Peggy Noonan writes in the Wall Street Journal of a fundamental disconnect between what she refers to as “elites” (I despise this term, many, if not most people in power I have met are not what I would call “elite.”) and their indifference to the pressures which come from massive immigration. She makes an important point. A giant increase in immigration flows isn’t going to really impact the circle Angela Merkle runs in, except that perhaps the people in this circle will be able to pay their gardeners even less. But for the many unskilled and low-skilled workers in the West it has a very real impact. These people also, unlike Merkle and Company are not part of the deeply entrenched crony system. They are on the outside in their own countries. Now many of these people, in Europe and in the USA, see new immigrants pushing them even further to the economic margins.
As we have said many times we are generally for immigration, but just opening the gates completely is not a solution. We recognize that this puts us at odds with some of the people we consider intellectual brethren, but to deny that unrestricted immigration won’t have a serious (and likely negative) impacts on the US and Europe is to deny that one can have too much of a good thing.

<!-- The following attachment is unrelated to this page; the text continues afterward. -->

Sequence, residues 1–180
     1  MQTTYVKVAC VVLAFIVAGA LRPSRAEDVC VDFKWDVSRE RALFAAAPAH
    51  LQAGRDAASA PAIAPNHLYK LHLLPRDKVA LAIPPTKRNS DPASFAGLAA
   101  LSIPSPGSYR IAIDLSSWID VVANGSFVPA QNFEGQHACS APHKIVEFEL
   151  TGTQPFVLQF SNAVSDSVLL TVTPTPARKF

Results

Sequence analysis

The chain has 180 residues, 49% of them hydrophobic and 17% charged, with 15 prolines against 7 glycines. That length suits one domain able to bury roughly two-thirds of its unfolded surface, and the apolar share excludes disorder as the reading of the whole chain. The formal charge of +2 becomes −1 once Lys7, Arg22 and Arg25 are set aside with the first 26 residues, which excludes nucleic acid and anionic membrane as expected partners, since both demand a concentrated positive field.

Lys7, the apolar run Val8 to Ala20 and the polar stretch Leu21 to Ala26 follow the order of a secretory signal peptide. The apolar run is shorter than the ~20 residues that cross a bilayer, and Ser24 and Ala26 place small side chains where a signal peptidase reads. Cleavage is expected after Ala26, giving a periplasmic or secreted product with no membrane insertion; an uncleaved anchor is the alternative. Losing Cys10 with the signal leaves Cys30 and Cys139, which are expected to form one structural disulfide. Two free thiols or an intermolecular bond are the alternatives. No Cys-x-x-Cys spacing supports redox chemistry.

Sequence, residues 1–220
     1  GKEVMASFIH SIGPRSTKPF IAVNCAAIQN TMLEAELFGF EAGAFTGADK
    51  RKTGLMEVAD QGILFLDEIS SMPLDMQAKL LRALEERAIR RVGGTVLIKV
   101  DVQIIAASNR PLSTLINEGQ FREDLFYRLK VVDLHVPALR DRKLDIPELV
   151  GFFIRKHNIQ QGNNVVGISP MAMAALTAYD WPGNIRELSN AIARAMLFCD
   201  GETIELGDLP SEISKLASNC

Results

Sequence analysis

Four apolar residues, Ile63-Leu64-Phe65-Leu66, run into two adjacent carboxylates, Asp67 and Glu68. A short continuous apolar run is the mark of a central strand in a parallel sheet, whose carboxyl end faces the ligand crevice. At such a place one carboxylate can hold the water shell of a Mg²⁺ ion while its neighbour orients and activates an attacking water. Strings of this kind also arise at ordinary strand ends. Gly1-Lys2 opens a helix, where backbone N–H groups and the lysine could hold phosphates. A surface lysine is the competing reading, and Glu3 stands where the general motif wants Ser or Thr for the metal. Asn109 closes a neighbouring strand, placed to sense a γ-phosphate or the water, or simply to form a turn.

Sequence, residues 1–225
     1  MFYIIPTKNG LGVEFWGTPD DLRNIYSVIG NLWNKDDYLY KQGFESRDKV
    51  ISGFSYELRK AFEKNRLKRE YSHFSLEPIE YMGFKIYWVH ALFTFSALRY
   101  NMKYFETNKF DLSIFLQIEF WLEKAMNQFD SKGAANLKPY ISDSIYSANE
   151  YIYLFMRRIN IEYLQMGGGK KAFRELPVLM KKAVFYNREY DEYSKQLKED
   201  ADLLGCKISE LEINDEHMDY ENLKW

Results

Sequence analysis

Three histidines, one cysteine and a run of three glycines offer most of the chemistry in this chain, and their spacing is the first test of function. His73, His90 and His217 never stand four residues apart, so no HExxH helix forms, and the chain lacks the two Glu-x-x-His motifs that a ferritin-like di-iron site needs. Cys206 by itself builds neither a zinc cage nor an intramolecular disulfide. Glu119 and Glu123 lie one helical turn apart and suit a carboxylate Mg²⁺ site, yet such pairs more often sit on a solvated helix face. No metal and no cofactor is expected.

To dismiss the immigration concerns of many middle and working class Americans and Europeans as simple-minded and bigoted is wrong. Policy makers need to listen more closely and must find a humane answer to the current challenges in Europe and the US.
It should also be noted that much of the chaos we see in the Middle East wouldn’t be happening had we not gone into Iraq 12 years ago. So much of this is of the West’s making. Lots of people won’t like us saying that either.
(From The Wall Street Journal)
Rules on immigration and refugees are made by safe people. These are the people who help run countries, who have nice homes in nice neighborhoods and are protected by their status. Those who live with the effects of immigration and asylum law are those who are less safe, who see a less beautiful face in it because they are daily confronted with a less beautiful reality—normal human roughness, human tensions. Decision-makers fear things like harsh words from the writers of editorials; normal human beings fear things like street crime. Decision-makers have the luxury of seeing life in the abstract. Normal people feel the implications of their decisions in the particular.
The decision-makers feel disdain for the anxieties of normal people, and ascribe them to small-minded bigotries, often religious and racial, and ignorant antagonisms. But normal people prize order because they can’t buy their way out of disorder.